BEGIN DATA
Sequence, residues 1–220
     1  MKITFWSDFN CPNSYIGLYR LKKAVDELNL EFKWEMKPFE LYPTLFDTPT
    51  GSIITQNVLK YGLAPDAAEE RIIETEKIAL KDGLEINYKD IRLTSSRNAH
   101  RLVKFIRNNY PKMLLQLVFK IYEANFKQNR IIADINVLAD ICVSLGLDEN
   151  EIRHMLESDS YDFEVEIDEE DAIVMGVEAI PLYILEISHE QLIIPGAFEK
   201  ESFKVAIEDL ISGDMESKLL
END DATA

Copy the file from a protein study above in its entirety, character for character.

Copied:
Sequence, residues 1–220
     1  MKITFWSDFN CPNSYIGLYR LKKAVDELNL EFKWEMKPFE LYPTLFDTPT
    51  GSIITQNVLK YGLAPDAAEE RIIETEKIAL KDGLEINYKD IRLTSSRNAH
   101  RLVKFIRNNY PKMLLQLVFK IYEANFKQNR IIADINVLAD ICVSLGLDEN
   151  EIRHMLESDS YDFEVEIDEE DAIVMGVEAI PLYILEISHE QLIIPGAFEK
   201  ESFKVAIEDL ISGDMESKLL